Children can get comfortable in virtually any circumstance. Alone or in a crowd, stretched out on their bed or cramped in a car seat, circumstance seems to have little to do with their comfort. For children, comfort is rooted in assurance, not surfaces or society. If they trust that dad and mom have everything well in hand, they can sleep anywhere and everywhere. Parenting experts have long pointed out that when children have trouble going to sleep or staying in bed, they are often anxious that dad and mom don’t have it together. Without assurance, they take no comfort. With assurance they find comfort everywhere.
Adults are quite a different matter. We are good at crafting comfortable circumstances — softer fabrics, ergonomic chairs, and bags of meds and supplements that eclipse Santa’s pack. And spend our time, energy and brass seeking comfort, but little time being comfortable. If comfort could be acquired, we would have palliated long ago. Our lives are littered with the right pills and the right pillows. We have therapeutic socks and smart mattresses. We have more advanced and available health care than most of the world, but poorer health. And with 5% of the world’s population, the United States consumes 95% of the world’s opioids. We are comfortably numb, but devoid of comfort.
Perhaps what we know about our children, we have failed to learn about ourselves. Maybe comfort is derived more from assurance than circumstance. Children gain assurance easily. They have an unshakable faith in their parent’s wisdom and power. Even when that faith is misplaced and disproven time and time again. The willingness of children to rest in their parent’s word is remarkable.
But as adults we are leery of trusting anyone but ourselves. And often, we don’t trust ourselves. Experience has jaded us. We have been burned. We have learned never to be at ease. Even when our mattress is perfect, our medications potent, and our climate control pleasing, rest eludes us. Real rest. Soul rest. The best we can do is to become comfortably numb. If only we could trust that Our Father has it all together, that His promises and power could be trusted, that his love for us was real.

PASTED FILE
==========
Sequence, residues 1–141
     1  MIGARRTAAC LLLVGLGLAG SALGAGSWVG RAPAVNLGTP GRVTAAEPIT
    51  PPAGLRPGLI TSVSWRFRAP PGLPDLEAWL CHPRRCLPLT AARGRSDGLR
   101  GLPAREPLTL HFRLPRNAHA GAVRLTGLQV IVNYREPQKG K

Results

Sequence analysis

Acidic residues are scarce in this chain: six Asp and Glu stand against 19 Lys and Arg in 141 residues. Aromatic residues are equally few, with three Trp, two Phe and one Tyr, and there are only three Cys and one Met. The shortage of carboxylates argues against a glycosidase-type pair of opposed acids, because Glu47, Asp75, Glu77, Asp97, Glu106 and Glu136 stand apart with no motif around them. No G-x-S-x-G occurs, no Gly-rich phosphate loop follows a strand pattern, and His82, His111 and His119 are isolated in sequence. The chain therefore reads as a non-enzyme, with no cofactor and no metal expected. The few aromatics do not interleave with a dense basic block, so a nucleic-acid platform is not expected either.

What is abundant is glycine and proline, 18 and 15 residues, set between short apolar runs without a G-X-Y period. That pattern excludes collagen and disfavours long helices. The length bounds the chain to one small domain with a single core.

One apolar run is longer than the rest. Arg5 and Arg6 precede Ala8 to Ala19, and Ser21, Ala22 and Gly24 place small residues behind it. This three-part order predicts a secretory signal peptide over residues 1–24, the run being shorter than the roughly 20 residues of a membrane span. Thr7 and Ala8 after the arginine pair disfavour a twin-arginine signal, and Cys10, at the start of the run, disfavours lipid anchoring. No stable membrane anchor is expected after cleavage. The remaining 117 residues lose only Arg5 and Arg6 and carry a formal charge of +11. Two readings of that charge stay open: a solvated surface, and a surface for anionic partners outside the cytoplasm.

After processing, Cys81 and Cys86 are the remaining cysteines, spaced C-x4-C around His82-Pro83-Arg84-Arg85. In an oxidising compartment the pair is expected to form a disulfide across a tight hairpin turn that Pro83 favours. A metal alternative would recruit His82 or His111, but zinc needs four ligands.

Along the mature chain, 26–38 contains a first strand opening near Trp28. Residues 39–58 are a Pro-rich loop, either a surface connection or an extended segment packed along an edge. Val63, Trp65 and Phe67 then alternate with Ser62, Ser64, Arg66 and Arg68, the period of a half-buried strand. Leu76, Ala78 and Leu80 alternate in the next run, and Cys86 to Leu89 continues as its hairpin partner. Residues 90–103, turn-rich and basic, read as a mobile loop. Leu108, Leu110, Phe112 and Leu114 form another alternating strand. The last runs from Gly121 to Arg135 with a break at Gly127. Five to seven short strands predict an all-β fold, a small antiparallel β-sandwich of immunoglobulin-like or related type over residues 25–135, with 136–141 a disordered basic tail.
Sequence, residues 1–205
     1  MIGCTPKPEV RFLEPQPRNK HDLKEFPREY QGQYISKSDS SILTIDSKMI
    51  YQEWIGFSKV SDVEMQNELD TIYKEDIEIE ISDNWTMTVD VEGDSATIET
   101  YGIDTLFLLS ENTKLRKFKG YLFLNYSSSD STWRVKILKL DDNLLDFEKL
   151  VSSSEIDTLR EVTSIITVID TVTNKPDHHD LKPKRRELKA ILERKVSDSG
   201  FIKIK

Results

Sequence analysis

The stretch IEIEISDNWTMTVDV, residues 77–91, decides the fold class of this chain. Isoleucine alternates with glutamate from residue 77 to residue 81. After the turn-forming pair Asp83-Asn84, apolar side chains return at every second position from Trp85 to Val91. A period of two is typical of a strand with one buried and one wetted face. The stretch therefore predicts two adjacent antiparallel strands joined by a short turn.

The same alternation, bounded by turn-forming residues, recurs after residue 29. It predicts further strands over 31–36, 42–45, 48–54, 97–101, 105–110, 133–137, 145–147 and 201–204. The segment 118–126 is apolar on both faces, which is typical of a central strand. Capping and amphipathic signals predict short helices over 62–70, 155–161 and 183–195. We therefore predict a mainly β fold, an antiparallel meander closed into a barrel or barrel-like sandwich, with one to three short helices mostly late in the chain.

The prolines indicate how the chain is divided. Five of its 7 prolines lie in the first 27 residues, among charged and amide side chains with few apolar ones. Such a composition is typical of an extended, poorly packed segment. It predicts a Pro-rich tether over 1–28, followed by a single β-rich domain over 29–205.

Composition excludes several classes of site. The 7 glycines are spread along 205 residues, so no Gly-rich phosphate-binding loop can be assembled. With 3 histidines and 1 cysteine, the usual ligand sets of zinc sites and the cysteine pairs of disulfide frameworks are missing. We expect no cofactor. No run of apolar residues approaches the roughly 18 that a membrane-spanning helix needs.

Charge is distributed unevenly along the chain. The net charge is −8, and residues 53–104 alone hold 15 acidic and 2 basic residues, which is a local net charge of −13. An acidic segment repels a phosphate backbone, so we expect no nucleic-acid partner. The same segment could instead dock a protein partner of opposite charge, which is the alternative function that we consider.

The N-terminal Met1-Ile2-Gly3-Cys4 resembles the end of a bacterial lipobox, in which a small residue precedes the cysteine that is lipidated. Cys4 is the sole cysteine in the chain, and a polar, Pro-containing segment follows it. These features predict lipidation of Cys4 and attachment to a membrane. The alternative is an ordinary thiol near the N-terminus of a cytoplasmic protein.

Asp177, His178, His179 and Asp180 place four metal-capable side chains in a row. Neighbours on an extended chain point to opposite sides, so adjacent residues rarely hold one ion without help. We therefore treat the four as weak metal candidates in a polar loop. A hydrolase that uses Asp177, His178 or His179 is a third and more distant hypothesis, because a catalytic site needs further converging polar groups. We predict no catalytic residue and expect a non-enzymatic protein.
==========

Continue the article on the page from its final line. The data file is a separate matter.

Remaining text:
Jeremiah spent four decades warning of Judah of judgment and exile. Through warning after warning, God called the people to turn back to Him, but they would not. They sought comfort down every path except the path of faith and repentance. But God did not forsake them. When hope seemed lost, God gave the prophet Jeremiah a word of comfort. In the midst of the longest, and most sorrowful book in the Bible, we find bright promises of God’s grace. Jeremiah 30-33 is often called the ‘Book of Consolation.’
Last week we examined Jeremiah 30 and considered how God consoles us in the midst of judgement. But to take comfort from God’s promises, we must receive them. We must believe them by faith. We must turn back to Him. We must rest in the assurance that Our Father has it all together. The Heidelberg Catechism underscores this as it begins its summary of Christian doctrine with the question.
What is your only comfort in life and in death?
That I, with body and soul, both in life and in death, am not my own, but belong to my faithful Savior Jesus Christ, who with His precious blood has fully satisfied for all my sins, and redeemed me from all the power of the devil; and so preserves me, that without the will of my Father in heaven not a hair can fall from my head; yea, that all things must work together for my salvation. Wherefore, by His Holy Spirit, He also assures me of eternal life, and makes me heartily willing and ready henceforth to live unto Him.Heidelberg Catechism, Question 1
With this assurance, we find comfort no matter what, whether in life or in death. Join us this week as we examine Jeremiah 31:1-30 and consider how God calls us to receive and experience the comfort He offers. We meet from 5:00 – 6:30 pm in The Commons at St. Andrews Anglican Church at 8300 Kanis Rd in Little Rock for worship. Get directions here or contact us for more info. You can also join us on Facebook Live @RiverCityARP.